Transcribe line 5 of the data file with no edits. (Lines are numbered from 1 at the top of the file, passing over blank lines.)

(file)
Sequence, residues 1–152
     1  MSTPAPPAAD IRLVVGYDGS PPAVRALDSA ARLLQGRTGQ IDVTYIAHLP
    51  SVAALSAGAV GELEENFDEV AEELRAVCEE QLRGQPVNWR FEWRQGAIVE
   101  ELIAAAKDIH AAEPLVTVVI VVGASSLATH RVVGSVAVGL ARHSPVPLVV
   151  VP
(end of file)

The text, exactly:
   151  VP